PdF '11 Recap: What the People of the Internet Can Demand
BY Nancy Scola | Monday, June 6 2011
We're at PdF '11, in New York City, which you can watch via livestream here. But what follows are some quickly sketched notes on this morning's opening session with Susan Morgan, Siva Vaidhyanathan, and danah boyd. The topic was a foundational one: what are the rights and responsibilities shared by the people of the Internet and the companies that help power the Internet, and how are those rights and responsibilities being contested, enforced, shaped everyday online?
Susan Morgan, the executive director of the Global Network Initiative, kicked things off by testifying that when it comes to the molding of the Internet by governments, "this year we're seeing something different." Sure, there are the startling Internet shutdown and constrictions in the Middle East and northern Africa, but not everything is so black and white, said Morgan -- we're seeing the subtle steering of conversations in chat rooms, for example. Not surprisingly, then, "the answers that emerge are going to be complex, nuanced, and specific" to geographies and local circumstances.
All the same, a consistent thread the world over is that companies like Google, Facebook, and Twitter are finding themselves often the arbiters of speech on the Internet. And so, the GNI encourages tech companies to adopt certain principles about how they'll behave. At this point in the evolution of the Internet, said Morgan, companies need to step up and do three things. First, accept that "the business decisions that companies make matter to millions of people around the world" -- and study exactly how they matter, by carrying out human rights assessments of their work. Second, reach out to outside expertise; "it's quite likely that companies won't have the expertise they'll need in house," said Morgan. And third, do a better job communicating the decisions they're making to their users.
So far, Microsoft, Google, and Yahoo have gotten on board with the Global Network Initiative. Facebook and Twitter, though, have declined to, and declined to say why.
But, said Siva Vaidhyanathan -- a professor of media studies at the University of Virginia and author of the book, "The Googlization of Everything (And Why We Should Worry)," -- when it comes to questionable corporate online behavior like Amazon's booting of Wikileaks from its cloud servers back in November, "what did you expect?" Amazon is more or less a department store, said Vaidhyanathan, Back during the Wikileaks episode, Christmas was coming, and conservative commentator Bill O'Reilly was going on and on about the menace of Wikileaks. We need to remember, said Vaidhyanathan, that online agitators are functionally attempting to conduct a "rally in a shopping mall or debate in a Starbucks."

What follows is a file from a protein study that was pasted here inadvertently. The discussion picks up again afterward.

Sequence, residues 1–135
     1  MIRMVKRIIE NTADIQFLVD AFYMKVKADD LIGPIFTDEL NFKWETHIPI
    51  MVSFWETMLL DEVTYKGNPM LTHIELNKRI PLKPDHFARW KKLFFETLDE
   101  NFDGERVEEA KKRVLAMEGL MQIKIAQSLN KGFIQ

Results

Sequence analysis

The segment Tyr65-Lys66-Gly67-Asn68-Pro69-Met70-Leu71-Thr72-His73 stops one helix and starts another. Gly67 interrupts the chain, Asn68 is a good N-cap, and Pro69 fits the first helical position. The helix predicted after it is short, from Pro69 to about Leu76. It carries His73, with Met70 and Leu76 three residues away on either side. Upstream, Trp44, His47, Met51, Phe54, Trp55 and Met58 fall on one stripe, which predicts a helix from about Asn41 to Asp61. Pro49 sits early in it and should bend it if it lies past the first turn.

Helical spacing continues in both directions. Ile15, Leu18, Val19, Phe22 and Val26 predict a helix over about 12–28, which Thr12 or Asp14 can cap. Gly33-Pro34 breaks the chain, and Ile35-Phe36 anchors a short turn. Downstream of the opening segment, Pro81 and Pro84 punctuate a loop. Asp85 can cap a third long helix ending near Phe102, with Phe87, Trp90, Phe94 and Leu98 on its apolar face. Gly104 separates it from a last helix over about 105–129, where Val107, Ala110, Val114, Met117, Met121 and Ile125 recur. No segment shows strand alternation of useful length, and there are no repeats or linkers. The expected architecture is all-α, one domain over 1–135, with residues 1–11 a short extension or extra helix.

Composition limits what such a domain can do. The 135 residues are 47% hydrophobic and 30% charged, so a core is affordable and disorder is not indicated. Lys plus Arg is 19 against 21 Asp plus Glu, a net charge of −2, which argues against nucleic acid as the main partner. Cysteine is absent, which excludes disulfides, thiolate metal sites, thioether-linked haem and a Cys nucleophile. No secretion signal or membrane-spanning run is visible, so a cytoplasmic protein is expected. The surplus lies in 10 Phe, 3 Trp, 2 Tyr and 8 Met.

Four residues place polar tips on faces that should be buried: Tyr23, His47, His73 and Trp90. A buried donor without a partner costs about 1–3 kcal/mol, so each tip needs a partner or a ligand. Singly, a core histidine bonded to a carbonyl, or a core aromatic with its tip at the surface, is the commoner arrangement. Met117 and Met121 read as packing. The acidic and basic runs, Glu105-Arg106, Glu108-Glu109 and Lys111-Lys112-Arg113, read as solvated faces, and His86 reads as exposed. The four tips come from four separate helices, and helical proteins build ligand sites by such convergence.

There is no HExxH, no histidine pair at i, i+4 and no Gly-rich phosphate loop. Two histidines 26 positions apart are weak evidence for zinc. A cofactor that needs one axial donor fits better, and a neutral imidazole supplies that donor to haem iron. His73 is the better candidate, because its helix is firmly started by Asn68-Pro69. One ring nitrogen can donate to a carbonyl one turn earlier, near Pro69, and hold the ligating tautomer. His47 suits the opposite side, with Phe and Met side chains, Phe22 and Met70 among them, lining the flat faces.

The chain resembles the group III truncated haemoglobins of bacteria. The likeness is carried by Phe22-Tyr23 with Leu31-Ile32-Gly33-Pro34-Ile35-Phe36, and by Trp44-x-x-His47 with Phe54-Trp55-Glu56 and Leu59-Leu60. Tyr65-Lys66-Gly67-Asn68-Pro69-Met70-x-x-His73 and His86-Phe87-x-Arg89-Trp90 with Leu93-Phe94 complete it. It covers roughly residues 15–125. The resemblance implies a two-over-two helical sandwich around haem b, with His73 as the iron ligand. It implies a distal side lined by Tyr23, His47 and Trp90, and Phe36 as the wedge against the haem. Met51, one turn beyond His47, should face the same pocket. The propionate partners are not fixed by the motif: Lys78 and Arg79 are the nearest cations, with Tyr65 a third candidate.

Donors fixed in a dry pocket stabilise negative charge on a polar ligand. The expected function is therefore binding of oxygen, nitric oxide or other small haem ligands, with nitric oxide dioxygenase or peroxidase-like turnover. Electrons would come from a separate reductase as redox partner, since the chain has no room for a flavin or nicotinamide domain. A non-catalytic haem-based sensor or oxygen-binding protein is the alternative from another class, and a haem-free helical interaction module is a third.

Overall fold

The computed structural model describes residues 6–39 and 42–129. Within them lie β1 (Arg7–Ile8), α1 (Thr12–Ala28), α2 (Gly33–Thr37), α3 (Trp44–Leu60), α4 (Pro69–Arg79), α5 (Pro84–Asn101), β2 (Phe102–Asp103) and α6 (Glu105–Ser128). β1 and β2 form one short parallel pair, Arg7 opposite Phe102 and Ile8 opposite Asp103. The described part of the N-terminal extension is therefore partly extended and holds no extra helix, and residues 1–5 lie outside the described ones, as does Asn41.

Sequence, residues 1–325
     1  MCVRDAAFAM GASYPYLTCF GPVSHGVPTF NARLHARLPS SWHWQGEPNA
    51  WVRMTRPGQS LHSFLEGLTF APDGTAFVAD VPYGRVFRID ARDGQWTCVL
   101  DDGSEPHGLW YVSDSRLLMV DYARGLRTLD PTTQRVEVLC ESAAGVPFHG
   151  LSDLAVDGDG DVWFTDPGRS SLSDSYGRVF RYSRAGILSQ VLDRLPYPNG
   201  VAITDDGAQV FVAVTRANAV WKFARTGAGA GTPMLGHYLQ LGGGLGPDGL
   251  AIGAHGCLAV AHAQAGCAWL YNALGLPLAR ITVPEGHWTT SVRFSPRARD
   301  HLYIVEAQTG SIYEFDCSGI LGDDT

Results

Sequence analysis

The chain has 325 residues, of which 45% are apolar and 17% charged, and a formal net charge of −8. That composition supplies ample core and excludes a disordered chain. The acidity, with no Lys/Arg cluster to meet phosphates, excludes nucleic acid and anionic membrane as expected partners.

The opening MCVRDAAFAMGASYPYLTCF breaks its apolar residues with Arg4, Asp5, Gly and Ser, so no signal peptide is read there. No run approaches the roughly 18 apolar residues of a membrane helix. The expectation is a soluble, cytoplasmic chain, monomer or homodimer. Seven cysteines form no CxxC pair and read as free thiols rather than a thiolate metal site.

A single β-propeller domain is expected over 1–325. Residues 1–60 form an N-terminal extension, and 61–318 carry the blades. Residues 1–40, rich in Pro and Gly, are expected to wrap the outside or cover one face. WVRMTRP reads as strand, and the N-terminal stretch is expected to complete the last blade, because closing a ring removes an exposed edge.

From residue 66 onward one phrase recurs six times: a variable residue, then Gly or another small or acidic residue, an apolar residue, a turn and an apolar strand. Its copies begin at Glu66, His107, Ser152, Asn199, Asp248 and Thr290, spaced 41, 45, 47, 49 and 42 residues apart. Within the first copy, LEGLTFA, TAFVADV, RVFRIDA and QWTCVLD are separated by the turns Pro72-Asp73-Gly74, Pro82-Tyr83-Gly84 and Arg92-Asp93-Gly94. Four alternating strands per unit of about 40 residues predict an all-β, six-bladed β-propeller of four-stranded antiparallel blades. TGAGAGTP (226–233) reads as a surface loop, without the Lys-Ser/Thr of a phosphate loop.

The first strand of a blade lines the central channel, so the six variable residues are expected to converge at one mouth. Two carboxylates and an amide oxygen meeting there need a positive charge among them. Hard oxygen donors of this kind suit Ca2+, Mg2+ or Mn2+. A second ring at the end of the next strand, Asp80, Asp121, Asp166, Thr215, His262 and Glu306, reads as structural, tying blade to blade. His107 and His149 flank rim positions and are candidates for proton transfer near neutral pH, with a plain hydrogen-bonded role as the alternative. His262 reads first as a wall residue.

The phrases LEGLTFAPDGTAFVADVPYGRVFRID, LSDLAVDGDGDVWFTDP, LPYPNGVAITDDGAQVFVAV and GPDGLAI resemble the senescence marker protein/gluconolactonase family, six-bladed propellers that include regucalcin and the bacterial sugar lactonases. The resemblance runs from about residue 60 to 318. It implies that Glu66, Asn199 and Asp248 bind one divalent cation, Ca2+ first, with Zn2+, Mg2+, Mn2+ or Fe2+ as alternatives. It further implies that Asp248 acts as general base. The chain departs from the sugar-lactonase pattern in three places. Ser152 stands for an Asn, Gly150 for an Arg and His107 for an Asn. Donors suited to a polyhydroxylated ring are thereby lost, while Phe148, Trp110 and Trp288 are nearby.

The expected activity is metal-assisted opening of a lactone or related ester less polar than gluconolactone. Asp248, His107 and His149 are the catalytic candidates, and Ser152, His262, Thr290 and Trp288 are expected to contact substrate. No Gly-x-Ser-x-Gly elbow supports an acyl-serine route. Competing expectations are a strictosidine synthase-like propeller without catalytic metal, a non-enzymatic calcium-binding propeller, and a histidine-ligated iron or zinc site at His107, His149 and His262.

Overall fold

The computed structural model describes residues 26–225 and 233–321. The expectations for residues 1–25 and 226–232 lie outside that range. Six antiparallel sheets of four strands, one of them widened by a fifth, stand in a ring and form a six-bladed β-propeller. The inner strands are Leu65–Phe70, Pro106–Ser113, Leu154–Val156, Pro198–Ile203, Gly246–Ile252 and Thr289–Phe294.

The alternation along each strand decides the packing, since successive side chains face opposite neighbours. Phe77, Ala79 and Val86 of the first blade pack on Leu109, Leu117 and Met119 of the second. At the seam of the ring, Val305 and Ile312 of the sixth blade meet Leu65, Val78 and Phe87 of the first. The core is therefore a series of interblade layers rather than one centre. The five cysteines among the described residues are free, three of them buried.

So what are users to do, then? When Facebook doesn't act "in the Internet way," suggested Vaidhyanathan, users can chose Diaspora, a work-in-progress designed to be a more open and distributed alternative. And then can back Global Voices, MobileActive, Tor, Avaaz. More than that, though, Vaidhyanathan called on the people of the Internet to fight the big policy fights. "We have to fight for net neutrality," said Vaidhyanathan. "We have to fight for free and open publishing." He went on. "We need to make sure free and open source software can thrive" and "we have to fight for specific policies that ensure freedom on the Internet."
danah boyd, a social media researcher at Microsoft Research New England, zeroed in on the personal, almost intimate, online choices that people can -- and do -- make everyday. boyd, who researchers the Internet practices of young people, reported that, unlike the offline world, online the presumption about privacy is "public by default, private by effort." boyd sketched creative ways that teenagers make the effort, displaying clever techniques that exhibit a savviness about a sort of "networked privacy" where our online exposure is the sum total of not only what we do, but what those who we're connected to do.
One geeky Washington DC teen structures his Facebook profiles so that his interests in "The Legend of Zelda" or Pokemon are sheltered from his less nerdy sister and cousins. Another teen "white walls" -- deleting Facebook and other digital comments a day or so after she posts then. And then boyd pointed to a teenager going through a breakup that used her friends' shared interest in Monty Python's "The Life of Brian" as a sort of communicative key. The girl posted lyrics from "Always Look on the Bright Side of Life," the song that plays just before Brian is to be killed. The teen's mom read the wall post literally, interpreting it to mean that her daughter was doing well.
On the other hand, "her friends call[ed] her" in response, said boyd -- one small victory in the ongoing battle of Internet users to get what they want out of their time online.